Mrs. O Shanti Om

That Michelle Obama is one smart cookie. Well, one smart biskut actually (that’s biscuit pronounced the desi way).

We know the woman is brilliant for a multitude of reasons – in all matters from politics to fashion. Perfection arrives, however, when she combines the two seamlessly (pun intended).

She did so, quite astutely this week, during the visit by Indian Prime Minister Manmohan Singh and his wife Gursharan Kaur to the White House. At the first State Dinner hosted by the Obamas, the First Lady wore American-based Indian designers.

During the day at a luncheon, she wore one of her infamous J. Crew cardis – albeit a Bollywood-esque, bejewelled one – with a taupe skirt by American desi designer, Rachel Roy.

First Lady Michelle Obama hosts a presentation to young women earlier in the day. AP Photo/Gerald Herbert.

Not only did she honour the PM and his wife by choosing to wear an Indian designer, she hushed any potential criticism by supporting the economy of her home country by choosing a US-based one. All of this, while continuing to support off-mainstream designers to make them household names. There are housewives in the Midwest eBaying Rachel Roy as we speak! I also loved the jumble of pearls and accoutrements on her wrist – very maharani moderne.

A woman who isn't afraid to mix it up. Photo by Mandel Ngan / Getty Images
A class act, all the way. Photo by Mandel Ngan/Getty Images.

Then, there was the golden Naeem Khan number the Mrs. wore to the State Dinner – again, sticking with a US-based Indian designer.

Golden Couple at the State Dinner. Photo by REUTERS/Jason Reed.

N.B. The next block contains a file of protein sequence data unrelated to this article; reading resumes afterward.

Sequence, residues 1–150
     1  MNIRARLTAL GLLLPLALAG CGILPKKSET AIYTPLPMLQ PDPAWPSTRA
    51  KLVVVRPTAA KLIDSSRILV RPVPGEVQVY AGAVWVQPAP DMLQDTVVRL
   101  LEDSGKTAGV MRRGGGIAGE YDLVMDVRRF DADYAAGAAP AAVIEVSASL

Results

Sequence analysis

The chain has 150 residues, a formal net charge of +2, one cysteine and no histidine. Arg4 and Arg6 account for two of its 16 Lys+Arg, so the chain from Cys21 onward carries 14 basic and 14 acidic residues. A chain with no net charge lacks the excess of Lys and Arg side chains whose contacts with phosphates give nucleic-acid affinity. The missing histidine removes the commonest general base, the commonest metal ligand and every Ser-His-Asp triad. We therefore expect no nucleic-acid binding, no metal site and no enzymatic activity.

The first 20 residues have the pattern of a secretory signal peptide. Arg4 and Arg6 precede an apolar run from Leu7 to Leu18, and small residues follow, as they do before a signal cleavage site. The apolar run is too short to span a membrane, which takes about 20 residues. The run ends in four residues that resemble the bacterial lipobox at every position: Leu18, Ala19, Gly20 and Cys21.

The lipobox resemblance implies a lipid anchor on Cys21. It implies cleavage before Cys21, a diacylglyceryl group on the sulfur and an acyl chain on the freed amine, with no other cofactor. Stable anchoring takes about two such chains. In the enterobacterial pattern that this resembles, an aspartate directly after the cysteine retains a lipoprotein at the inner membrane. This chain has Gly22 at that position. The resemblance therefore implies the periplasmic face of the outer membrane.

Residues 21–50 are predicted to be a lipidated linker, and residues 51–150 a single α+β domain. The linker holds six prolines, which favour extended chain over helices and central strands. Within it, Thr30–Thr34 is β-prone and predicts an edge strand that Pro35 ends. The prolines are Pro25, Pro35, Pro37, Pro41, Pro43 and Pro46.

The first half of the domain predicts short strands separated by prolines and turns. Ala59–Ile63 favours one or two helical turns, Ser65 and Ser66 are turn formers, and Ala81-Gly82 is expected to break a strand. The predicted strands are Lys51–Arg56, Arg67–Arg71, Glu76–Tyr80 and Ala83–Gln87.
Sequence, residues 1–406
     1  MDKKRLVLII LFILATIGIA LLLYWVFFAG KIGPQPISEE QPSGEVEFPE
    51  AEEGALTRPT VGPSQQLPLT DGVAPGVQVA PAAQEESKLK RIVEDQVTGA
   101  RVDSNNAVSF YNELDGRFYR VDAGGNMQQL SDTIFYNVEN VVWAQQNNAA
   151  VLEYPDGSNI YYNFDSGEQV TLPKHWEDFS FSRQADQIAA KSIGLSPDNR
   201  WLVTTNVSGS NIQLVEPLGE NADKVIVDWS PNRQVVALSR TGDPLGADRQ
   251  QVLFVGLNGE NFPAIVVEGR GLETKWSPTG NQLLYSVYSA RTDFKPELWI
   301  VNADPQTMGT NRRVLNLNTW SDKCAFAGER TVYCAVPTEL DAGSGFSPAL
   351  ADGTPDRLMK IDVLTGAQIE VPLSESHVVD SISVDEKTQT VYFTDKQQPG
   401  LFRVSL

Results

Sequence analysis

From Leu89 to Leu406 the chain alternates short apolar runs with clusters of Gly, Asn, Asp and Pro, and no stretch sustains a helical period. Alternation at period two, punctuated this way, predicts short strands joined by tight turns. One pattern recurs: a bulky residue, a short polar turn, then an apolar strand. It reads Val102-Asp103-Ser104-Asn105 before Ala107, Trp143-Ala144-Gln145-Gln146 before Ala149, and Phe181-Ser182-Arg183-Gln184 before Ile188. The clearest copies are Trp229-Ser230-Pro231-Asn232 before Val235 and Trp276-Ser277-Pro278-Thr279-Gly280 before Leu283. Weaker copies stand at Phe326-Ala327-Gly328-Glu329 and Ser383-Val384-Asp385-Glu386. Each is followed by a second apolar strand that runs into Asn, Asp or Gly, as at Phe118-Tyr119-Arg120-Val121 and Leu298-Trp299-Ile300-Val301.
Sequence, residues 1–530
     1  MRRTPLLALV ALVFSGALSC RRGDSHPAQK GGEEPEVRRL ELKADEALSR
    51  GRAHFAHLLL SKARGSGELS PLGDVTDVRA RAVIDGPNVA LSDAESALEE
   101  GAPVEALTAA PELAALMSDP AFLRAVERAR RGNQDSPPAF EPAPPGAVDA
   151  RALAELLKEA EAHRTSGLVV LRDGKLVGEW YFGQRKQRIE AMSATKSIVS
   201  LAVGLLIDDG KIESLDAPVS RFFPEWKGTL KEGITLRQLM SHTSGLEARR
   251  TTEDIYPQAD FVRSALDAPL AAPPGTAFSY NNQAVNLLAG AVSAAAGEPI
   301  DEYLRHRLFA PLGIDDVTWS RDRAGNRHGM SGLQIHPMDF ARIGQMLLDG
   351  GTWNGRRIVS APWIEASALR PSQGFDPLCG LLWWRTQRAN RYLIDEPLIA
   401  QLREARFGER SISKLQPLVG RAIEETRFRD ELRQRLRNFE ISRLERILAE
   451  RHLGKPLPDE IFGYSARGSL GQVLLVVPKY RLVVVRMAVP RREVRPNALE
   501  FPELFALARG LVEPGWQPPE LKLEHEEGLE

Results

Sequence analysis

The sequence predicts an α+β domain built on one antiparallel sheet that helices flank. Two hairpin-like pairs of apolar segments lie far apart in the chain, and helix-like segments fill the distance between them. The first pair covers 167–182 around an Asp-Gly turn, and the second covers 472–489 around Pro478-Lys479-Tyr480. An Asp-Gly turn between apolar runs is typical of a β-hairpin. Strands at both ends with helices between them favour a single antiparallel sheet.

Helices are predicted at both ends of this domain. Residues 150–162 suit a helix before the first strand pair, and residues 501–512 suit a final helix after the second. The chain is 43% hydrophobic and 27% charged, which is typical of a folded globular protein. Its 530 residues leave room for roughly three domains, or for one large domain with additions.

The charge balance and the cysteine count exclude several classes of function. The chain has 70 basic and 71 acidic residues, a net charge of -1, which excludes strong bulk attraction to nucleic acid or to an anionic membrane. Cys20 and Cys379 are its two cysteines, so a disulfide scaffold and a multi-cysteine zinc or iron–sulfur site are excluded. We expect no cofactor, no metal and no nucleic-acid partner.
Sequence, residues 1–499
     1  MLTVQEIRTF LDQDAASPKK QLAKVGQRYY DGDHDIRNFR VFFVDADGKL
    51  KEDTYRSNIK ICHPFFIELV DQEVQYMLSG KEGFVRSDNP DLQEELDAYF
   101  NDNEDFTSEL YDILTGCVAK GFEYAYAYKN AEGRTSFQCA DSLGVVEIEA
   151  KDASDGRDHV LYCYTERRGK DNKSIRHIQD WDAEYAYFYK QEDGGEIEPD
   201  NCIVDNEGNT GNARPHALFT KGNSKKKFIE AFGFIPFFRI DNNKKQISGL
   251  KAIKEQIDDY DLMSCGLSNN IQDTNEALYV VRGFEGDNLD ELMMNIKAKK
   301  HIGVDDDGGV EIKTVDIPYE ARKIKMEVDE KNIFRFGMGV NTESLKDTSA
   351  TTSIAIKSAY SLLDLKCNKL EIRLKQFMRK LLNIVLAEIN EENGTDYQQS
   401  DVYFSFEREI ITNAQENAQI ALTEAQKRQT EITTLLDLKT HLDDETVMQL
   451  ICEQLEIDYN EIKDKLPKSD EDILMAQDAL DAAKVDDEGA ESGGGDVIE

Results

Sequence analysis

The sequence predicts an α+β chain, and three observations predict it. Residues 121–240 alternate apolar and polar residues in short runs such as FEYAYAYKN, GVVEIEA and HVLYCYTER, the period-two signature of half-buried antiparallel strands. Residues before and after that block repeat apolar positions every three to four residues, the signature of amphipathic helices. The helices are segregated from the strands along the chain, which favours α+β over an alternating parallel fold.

Greeting PM Manmohan Singh and his wife Gursharan Kaur. Photo by AP Photo/Charles Dharapak.

That dress certainly made her stand out and establish her place as the hostess, but it didn’t take away from Gusharan Kaur’s classic South Indian sari (love that palloo – so regal!). Both women were able to maintain their grace and their individual personalities, I thought.

What was interesting to me were those that paid their respects to the guests of honour by wearing a touch of India.

White House Social Secretary Desiree Rogers arrives in shades of pearl. Photo by REUTERS/Jonathan Ernst.
Katie Couric and Brooks Perlin. Photo courtesy of Huffington Post.

Writer, Jhumpa Lahiri and Alberto Vourvoulias. Photo courtesy of Huffington Post.

Others missed the opportunity. Shame.

Even the tables turned it out for the occasion, in leaf green raw silk. The colour of the flowers echoes the colours of the peacock – the national bird of my Motherland.

Fashionable table. Photo by AFP/Mandel Ngan.

The walls were also lined with magnolias – a flower native to both the US and India. Well played, indeed, by some very gracious hosts.

A little grace goes a long way. Photo by AP Photo/Susan Walsh.
A little grace goes a long way. AP Photo/Susan Walsh.

I know that my invitation will arrive late – in Indian Standard Time. But had it arrived when it was supposed to, my ensemble would have been a toss-up between my mom’s patola sari…

An example of a classic patola print - a double ikat.

…or anything by my soul sister Anamika – maybe even the dress I didn’t get for Diwali.

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